When how it shows up, we could have long discussions about I am on record as having said the following, and I'll repeat it. These programs always turn out to be larger than you think. They take longer than you think. And what I've said about Calix remains true. It is not a pull forward of boxes. It is an uplift of our entire model as we help our customers build a new business model on top of the new infrastructure they're building.

Michael Genovese -- WestPark Capital -- Analyst

Thanks again, appreciate it.

Carl Russo -- Chairman of the Board and Chief Executive Officer

Thanks, Mike.

Operator

Thank you. Our next question is coming from Ryan Koontz of Needham and Company. Please go ahead.

Ryan Koontz -- Needham and Company -- Analyst

Good morning, thanks for the question. Impressive metric there with the software bookings north of 50%, can you give us any color there on some of the trends are fairly familiar with the products, but what's driving that? And is that should we think about that as the new normal or kind of a one-time event? Thanks.

Carl Russo -- Chairman of the Board and Chief Executive Officer

So, let me make sure I'm being very clear. It is our all platform business, which is software, the associated systems. So remember, there's a hardware resource underneath both the access infrastructure and the premises, and the services that go along with it. So that business not just software business, the whole business has now made it over 50%. And obviously, once having made it over 50%, it's not going backwards. So, I won't speak of it again. Ryan, prior to you joining us, I had said at some point in time, we're going to go over the 50% in revenue, I thought it was meaningful to share when we get eclipsed that 50% in bookings. So that's the one ticket and we expect it to continue. Does that help?

Ryan Koontz -- Needham and Company -- Analyst

It does, thanks so much.

Carl Russo -- Chairman of the Board and Chief Executive Officer

Go ahead.

Ryan Koontz -- Needham and Company -- Analyst

Can you hear me? Okay.

Carl Russo -- Chairman of the Board and Chief Executive Officer

We can, go ahead.

Ryan Koontz -- Needham and Company -- Analyst

Great. Specifically on the art of programs are you seeing any action there we've heard from some of your peers that maybe some of the engineering work is starting to be funded maybe by internal mechanisms. But folks are looking to get going, late this year, early next year is that, in line with what you guys are thinking. Thank you.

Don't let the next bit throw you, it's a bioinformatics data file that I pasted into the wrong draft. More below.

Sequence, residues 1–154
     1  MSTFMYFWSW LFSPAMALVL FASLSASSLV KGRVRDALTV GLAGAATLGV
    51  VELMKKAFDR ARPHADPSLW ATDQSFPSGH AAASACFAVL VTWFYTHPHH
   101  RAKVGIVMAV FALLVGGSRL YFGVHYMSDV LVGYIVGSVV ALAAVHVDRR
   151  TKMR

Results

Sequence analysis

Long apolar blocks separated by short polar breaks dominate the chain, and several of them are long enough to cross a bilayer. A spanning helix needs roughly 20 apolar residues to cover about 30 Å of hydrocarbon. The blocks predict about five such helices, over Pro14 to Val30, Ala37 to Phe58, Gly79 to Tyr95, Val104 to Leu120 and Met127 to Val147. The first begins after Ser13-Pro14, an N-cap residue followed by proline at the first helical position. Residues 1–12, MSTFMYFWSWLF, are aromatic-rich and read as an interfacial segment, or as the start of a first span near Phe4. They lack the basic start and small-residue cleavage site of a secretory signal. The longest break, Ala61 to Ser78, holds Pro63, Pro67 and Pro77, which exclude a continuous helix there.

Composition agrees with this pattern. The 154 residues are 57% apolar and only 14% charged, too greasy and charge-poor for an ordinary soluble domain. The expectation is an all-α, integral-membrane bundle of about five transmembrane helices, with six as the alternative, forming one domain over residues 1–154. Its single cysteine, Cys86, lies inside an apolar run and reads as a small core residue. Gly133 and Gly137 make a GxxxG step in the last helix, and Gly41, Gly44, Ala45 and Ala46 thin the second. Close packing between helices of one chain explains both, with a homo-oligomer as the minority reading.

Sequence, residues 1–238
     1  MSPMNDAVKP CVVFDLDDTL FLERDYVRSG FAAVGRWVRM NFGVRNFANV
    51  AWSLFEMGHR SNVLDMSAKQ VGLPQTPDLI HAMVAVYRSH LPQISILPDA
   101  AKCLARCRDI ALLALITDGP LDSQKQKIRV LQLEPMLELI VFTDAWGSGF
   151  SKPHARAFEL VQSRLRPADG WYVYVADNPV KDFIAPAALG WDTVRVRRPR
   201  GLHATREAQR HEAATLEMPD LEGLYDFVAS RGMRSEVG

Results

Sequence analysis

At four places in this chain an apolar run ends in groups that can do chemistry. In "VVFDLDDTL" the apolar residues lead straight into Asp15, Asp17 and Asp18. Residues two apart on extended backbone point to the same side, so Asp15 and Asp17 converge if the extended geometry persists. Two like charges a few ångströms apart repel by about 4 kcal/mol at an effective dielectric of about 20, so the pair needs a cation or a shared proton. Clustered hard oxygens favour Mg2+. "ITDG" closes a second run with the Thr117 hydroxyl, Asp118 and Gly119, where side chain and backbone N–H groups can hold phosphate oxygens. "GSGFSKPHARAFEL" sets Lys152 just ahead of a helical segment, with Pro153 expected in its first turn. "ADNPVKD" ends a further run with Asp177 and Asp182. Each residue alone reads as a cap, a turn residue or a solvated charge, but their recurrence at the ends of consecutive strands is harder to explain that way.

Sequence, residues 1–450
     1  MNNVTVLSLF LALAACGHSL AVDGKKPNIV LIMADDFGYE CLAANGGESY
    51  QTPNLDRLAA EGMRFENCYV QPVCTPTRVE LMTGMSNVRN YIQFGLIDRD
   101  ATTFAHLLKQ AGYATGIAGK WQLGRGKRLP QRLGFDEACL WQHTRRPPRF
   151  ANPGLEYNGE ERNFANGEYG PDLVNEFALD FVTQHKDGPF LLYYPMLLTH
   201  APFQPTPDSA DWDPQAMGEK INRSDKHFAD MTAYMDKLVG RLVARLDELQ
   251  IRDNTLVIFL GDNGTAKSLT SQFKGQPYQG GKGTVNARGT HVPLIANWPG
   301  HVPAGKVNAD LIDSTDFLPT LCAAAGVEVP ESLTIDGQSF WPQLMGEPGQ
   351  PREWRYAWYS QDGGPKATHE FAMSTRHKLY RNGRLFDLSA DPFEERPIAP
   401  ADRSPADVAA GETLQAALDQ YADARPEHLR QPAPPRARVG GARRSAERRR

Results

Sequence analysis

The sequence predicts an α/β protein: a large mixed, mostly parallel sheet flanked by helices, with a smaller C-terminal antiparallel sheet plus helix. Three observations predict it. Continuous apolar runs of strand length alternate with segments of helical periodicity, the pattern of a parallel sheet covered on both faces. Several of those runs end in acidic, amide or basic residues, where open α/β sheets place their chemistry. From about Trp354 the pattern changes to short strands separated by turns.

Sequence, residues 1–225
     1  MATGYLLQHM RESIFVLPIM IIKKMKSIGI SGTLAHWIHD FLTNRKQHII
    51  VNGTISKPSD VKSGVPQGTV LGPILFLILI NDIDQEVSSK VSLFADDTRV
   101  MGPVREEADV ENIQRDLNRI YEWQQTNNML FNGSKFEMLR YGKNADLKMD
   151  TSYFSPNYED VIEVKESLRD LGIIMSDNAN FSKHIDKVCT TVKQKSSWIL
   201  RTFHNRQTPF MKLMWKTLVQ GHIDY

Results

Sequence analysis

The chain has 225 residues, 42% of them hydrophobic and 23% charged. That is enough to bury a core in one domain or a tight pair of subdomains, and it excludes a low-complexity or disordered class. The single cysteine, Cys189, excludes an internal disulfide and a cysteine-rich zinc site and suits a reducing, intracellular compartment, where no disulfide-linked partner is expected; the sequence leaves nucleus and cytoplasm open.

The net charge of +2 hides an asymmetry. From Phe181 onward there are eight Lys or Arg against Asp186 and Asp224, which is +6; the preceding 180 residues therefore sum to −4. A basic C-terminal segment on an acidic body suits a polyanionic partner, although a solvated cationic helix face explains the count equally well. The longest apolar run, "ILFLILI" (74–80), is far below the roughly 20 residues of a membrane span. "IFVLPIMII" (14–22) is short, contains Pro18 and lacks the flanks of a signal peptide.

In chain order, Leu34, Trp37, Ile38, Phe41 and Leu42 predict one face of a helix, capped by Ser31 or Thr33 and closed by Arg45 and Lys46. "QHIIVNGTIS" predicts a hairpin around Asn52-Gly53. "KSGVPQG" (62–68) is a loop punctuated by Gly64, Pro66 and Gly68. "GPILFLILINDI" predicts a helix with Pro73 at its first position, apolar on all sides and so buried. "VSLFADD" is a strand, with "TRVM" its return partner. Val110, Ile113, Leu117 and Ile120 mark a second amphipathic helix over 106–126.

Carl Russo -- Chairman of the Board and Chief Executive Officer

You mean, you've heard from some folks that previously two years ago said it was going to happen next quarter. So all sarcasm aside, let me be clear, as I said, it always takes longer. That being said, we are clearly seeing now, people planning, starting to put in some orders. But it's still early days.

Michael, do you want to add some color to that?

Michael Weening -- President and Chief Operating Officer

I would say that's exactly the case, the growth that you're seeing right now is based upon us taking market share. And so while that's a great future looking opportunity for us, as Carl just stated and it takes longer, and it's bigger, and so that we expect that to start flowing through and in subsequent years. But the results that you're seeing today are about our organization actually taking market share based on our customers to understand the value of our platforms, and their desire to build a new business model to fundamentally transform and win customers against their biggest threat, which is the consumer direct companies who want to get inside the home, own that subscriber and monetize them through incremental services, which the service provider needs to do.

Ryan Koontz -- Needham and Company -- Analyst

Helpful, thank you very much. Lastly, any color on the international side, obviously a great quarter there on revenues, any regional color you can offer up? Thanks so much.

Carl Russo -- Chairman of the Board and Chief Executive Officer